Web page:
Battles are turn-based and function on a card battle system. You and your enemies take turns making moves. But you and your enemies do not play by the same rules. Often times you’re outnumbered or outclassed. Each enemy only gets one action per turn, where you get a limited amount of energy to play cards.
You can always see your enemies intent; what they are planning to do. Whether that be to attack, defend or cast some kind of buff or debuff. You don’t know the precise effects of their actions, but you are informed of the basics.
The player draws a number of cards each turn, and each one has an energy cost to play. You can play as many cards as your energy allows. These cards allow you to attack, block and do a wide variety of effects. There is a ton of combos you can pull off, but you have to constantly be aware of your enemy. Regaining HP is difficult and each floor of the spire aims to wear you down, rather than kill you outright. So you have to balance between negating as much damage as possible and taking out your enemies.
When you win a battle, you choose a card to add to your deck. This choice is very important because it is how you tailor your deck to your own strategy. It’s very much a deck building game as you ascend each floor.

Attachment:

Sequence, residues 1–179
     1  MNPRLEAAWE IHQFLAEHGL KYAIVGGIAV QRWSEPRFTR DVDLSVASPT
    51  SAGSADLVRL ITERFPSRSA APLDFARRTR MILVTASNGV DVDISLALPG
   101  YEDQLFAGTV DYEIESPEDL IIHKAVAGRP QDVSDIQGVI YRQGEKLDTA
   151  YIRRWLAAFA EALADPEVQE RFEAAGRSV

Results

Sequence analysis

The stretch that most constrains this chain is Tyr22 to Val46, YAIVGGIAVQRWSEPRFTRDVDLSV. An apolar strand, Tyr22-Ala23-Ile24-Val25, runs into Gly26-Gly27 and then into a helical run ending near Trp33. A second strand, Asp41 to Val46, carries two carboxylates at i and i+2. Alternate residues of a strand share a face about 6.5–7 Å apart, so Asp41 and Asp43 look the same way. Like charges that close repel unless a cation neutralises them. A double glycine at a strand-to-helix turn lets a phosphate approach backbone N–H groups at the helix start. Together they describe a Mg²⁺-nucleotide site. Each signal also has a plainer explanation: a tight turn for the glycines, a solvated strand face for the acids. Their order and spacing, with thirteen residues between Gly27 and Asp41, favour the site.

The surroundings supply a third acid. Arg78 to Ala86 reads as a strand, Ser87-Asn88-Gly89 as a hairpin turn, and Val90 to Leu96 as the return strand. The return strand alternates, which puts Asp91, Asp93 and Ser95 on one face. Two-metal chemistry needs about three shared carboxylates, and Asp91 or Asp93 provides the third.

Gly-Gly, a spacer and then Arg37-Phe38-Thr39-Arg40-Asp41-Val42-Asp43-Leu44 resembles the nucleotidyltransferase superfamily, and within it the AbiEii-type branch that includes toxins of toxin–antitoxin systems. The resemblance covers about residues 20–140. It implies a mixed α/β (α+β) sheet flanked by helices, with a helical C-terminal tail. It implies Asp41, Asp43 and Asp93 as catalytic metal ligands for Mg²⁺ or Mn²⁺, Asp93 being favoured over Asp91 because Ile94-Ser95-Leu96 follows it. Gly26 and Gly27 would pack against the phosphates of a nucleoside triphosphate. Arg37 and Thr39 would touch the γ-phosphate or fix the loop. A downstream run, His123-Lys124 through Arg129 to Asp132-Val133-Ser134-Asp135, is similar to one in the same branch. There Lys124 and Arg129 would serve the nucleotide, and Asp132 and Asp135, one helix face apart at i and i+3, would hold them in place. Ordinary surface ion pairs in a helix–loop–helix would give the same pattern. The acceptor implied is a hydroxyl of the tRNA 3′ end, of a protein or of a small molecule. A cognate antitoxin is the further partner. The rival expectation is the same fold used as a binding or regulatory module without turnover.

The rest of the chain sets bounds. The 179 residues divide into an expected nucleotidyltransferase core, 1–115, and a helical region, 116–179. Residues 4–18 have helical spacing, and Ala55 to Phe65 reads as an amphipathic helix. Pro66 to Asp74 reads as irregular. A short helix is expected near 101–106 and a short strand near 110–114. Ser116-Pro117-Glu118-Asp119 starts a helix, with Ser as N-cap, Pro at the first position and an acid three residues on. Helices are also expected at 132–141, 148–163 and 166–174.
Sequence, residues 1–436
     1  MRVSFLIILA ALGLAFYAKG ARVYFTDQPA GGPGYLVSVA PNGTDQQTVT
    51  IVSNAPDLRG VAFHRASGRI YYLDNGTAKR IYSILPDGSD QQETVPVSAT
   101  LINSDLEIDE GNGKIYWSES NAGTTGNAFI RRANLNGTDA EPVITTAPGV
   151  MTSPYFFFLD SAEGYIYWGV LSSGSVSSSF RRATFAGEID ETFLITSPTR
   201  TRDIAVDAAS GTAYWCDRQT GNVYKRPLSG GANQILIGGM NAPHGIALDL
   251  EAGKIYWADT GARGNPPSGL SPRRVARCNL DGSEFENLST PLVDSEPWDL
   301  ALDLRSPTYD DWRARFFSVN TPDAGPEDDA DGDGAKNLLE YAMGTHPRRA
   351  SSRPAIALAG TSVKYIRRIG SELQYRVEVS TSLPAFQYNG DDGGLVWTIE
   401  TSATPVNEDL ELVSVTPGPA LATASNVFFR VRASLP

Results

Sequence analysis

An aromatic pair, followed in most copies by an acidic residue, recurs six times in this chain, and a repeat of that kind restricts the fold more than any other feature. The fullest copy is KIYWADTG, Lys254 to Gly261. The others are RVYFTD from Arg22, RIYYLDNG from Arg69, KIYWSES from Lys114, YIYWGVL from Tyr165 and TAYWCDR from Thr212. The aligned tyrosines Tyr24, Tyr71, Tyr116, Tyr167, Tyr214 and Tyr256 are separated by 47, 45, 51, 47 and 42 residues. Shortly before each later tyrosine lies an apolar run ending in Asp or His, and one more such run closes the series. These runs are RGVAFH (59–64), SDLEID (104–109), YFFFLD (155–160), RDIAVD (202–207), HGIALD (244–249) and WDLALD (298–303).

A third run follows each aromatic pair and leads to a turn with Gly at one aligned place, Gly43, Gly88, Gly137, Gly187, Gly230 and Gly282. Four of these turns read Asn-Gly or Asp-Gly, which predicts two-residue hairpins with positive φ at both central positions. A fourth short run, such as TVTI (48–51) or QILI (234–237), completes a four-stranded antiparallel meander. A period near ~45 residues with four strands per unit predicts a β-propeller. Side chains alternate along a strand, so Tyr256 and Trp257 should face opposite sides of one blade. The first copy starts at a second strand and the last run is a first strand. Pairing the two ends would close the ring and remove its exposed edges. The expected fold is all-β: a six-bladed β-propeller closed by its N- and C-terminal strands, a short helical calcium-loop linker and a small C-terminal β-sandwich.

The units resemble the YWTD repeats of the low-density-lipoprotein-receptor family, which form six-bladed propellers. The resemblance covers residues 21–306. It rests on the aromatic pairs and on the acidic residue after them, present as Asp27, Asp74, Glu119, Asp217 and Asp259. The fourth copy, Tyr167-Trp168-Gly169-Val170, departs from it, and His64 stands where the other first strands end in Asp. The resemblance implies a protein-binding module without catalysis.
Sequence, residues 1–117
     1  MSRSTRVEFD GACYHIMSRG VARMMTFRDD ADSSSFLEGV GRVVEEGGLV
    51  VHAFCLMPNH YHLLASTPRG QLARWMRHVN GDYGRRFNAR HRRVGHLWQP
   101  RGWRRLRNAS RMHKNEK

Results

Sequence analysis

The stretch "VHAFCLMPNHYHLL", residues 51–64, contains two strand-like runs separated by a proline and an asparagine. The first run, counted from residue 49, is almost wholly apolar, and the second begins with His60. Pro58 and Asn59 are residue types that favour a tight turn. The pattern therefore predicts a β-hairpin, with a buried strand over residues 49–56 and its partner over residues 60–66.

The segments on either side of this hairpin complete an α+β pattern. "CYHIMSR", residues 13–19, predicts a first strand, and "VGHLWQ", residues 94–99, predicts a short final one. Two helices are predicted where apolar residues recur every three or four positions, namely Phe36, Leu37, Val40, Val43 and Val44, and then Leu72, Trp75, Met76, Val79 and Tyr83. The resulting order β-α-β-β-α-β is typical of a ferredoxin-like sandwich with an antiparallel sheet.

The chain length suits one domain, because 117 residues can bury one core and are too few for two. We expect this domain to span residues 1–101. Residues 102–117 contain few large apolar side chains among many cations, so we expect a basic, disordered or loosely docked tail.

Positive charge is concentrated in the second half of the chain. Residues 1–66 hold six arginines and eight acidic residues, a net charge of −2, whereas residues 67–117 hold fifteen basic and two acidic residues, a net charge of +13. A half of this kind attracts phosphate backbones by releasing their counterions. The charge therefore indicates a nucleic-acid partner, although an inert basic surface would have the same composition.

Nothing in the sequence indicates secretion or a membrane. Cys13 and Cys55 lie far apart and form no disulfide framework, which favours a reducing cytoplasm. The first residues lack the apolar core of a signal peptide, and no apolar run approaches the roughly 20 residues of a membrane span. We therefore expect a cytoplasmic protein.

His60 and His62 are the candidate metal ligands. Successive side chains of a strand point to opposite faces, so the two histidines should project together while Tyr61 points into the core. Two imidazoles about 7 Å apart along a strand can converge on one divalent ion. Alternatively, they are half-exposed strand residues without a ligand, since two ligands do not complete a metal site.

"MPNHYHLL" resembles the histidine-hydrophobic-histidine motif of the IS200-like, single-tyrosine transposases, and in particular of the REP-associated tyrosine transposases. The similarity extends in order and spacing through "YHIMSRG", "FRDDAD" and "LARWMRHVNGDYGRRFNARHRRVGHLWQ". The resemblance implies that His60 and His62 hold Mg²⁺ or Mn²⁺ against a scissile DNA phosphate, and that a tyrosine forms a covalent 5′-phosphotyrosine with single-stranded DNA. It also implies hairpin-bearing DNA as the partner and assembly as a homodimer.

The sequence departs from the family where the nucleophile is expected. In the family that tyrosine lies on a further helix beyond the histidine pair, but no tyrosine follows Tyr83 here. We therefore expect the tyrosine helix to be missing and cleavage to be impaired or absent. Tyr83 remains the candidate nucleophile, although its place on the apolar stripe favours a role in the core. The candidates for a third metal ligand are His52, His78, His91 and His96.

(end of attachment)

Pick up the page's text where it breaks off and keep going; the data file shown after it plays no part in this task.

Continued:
You also receive some gold that you can spend at merchants and maybe a potion. You can use potions for free during a fight, and they deal damage, grant you block and other various buffs and debuffs.
Elites and chests also drop relics, these are one of the most important items in the game as they provide permanent buffs for your current run. It is one more decision you have to factor into your planning. Slay the Spire is very much a game for thinkers. While RNG also plays a large part, you have to weigh in on every decision, in and out of combat. A single mistake could cost you the run.
In addition to its normal mode, Slay the Spire also offers a custom mode, where you can customize every aspect of your run. And a daily challenge mode which puts you in a playthrough with various modifiers and tasks you against other players scores on the leader board. These challenges change day to day.
If you ever manage to have a successful run, you unlock ascension levels for that character, each one makes your next run with that character even harder. There is 20 of them, so to truly master the spire, you have your work cut out for you.